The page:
Digging up some history
Founded on June 5th, 2011, the second Nemkhav Federation has become one of the most famous and influential micronations in our community. Indeed, it has grown so much that it is said to be the greatest nation project ever to have been created.
The first state to join the Federation was Koss, at the time officially known as the Republic of Koss: my state. In June 15th, only ten days after the foundation of Nemkhavia and eighteen days after the foundation of Koss did we join the Federation. At the time, I did not have much experience, and neither had I the understanding of how the community worked as I now do. Yet, of two things I was sure:
- The Federal Republic of St. Charlie was the ‘most popular’ micronation within the community, and
- The Nemkhav Federation was going to turn out to be something big, and I wanted to have a hand in its making.
After some negotiations, Koss was in. Just to give an idea of how small we were, the joining of Koss doubled Nemkavia’s population. At the time, we didn’t even have a formal meeting place; we all just communicated through email. After a month, Isabela Mello, my sister, became the first Prime Minister of the Nemkhav Federation, while I rose to be one of the President’s advisors. Interestingly enough, my sister rose to this seat of power holding one secret, which none but I knew: she was under ten years of age.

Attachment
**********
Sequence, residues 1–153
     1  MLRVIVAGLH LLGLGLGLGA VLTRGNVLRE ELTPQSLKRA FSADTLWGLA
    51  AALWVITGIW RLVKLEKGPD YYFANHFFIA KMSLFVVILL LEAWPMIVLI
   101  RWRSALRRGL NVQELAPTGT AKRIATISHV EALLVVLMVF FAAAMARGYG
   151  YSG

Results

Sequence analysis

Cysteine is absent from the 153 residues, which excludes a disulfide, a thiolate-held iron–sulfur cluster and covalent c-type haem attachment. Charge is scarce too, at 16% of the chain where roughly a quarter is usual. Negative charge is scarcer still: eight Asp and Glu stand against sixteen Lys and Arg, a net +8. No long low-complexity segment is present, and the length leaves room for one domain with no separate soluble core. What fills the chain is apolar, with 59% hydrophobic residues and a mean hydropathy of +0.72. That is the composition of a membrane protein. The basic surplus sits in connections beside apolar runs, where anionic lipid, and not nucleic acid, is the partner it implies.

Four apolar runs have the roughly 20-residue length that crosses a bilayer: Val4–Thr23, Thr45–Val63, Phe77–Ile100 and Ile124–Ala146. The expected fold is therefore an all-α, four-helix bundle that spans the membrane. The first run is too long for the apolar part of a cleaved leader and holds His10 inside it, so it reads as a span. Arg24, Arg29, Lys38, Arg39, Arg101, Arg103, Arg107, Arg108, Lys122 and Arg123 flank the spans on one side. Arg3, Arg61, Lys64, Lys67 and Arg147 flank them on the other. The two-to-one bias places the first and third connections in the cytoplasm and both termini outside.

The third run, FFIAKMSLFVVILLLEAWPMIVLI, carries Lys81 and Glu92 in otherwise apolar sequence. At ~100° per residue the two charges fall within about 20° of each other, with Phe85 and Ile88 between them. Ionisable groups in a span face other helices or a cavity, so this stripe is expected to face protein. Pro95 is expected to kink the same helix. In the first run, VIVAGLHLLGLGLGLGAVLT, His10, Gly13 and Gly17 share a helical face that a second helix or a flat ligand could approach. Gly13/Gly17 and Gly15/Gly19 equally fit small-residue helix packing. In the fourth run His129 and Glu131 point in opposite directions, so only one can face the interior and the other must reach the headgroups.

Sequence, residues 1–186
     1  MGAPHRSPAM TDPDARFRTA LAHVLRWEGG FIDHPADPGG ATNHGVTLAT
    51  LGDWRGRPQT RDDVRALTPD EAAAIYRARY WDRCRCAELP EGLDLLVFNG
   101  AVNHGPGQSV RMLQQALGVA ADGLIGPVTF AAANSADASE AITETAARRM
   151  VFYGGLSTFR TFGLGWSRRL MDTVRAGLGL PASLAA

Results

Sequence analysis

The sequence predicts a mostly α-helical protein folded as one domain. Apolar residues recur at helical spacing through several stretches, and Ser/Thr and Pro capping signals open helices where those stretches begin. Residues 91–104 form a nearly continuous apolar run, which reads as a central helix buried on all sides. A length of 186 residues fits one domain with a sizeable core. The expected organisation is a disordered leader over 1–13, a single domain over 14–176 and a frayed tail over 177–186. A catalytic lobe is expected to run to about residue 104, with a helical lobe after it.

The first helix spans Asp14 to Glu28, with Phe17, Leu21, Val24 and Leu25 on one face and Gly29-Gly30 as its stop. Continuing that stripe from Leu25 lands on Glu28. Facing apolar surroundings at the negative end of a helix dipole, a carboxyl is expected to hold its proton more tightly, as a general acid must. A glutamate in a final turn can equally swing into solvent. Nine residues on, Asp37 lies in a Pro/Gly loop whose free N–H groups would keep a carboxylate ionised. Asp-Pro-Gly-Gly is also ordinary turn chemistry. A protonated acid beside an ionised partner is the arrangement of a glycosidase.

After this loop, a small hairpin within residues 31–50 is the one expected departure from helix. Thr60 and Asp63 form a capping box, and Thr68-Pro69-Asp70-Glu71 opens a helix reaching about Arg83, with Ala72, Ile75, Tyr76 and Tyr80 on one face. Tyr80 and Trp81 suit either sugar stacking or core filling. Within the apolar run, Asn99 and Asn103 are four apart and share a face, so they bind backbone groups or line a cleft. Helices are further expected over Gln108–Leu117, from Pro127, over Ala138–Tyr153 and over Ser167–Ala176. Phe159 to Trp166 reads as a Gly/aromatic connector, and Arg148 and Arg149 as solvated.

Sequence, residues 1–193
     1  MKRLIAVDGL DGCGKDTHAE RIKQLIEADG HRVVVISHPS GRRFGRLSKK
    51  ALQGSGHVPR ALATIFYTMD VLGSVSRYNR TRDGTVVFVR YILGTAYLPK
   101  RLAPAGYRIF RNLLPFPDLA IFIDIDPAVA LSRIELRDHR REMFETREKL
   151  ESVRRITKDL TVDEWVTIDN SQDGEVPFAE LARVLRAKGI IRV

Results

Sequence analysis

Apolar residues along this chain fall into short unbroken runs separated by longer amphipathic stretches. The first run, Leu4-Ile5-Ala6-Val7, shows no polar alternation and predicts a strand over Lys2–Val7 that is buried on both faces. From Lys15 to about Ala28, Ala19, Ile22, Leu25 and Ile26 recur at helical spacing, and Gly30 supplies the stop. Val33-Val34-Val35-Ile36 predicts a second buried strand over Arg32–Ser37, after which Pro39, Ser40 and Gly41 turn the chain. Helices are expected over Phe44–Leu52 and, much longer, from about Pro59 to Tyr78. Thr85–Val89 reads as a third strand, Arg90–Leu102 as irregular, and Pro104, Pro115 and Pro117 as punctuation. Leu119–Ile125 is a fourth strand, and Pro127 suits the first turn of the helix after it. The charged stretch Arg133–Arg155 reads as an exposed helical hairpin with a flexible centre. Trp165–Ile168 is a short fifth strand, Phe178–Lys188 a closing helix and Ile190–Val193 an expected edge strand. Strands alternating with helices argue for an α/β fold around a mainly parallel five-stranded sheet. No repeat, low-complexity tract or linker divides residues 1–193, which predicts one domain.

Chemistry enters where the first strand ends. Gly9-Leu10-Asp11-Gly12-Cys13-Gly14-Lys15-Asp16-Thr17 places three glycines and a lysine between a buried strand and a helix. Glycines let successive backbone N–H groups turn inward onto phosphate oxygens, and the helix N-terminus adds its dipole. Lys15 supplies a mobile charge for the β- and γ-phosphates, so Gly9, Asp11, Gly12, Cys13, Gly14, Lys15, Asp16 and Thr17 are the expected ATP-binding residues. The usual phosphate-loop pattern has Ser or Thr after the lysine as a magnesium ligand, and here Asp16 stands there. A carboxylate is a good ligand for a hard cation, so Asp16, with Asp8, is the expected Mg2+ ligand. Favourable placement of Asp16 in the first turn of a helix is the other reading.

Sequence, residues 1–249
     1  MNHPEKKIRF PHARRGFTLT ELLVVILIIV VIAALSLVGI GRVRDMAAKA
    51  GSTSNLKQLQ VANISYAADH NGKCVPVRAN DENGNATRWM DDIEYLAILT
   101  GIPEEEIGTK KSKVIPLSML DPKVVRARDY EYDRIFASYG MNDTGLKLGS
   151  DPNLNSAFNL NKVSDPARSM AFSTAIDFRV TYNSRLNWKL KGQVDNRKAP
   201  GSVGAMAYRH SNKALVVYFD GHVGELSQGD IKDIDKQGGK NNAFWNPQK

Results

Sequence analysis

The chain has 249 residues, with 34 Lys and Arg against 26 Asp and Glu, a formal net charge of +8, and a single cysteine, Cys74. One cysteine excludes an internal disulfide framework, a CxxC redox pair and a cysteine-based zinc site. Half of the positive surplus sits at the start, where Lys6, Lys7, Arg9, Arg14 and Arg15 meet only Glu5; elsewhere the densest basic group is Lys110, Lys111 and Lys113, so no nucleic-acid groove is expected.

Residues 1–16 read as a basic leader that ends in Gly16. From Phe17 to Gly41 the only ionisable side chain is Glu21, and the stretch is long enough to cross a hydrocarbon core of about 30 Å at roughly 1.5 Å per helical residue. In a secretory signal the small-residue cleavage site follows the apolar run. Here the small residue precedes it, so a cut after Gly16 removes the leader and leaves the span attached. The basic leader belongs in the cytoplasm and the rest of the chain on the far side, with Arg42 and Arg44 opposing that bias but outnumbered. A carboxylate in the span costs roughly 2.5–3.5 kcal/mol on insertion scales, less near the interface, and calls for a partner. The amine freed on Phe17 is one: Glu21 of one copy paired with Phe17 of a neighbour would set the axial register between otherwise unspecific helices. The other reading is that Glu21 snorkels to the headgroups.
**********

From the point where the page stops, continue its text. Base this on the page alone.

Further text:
A few days later, we had the unfortunate problem that became known as the “Linden Scandal”. Pristinia had applied to become a part of the Federation, and was accepted. Yet, the nation was not allowed back into the community. The scandal was such that Mejakhansk, President of Nemkhavia, saw himself obliged to record himself, in order to send a message to the community. After further discussions, Pristinia was not only a part of Nemkhavia, it was also back into the community. With this, Sebastian started to write several bills and acts to be proposed in the Main Assembly. The Federation was getting popular.
By August, the Kingdom of Vian and West Germania joined us, and at this point Marka started the nomination of the ministers. I was appointed the Minister of Economy, Penda got Culture, Samuel was placed in Infrastructure, and Sebastian was nominated Minister of Technology. And boy, did our technology get a boost. We finally had our own meeting place, our own forum. Our first ‘major’ technological achievement within Nemkhavia. The last member of our little group joined in the middle of September: The Republic of Berin. How Berin joined our group is actually a rather interesting story. We were all sitting in a pub and I jokingly said to Samuel: “Did you know? Berin is joining us.” Samuel got excited at this, but Berin’s President Ricardo was confused and explained that Berin was not actually joining us. Samuel and I proceeded to explain all about the Federation, and at the end of our reunion, he was eager to join us in our exploit. He proposed it to the legislature, it was approved, and the decision came to rest unto our shoulders. Obviously, we accepted him with our arms wide open.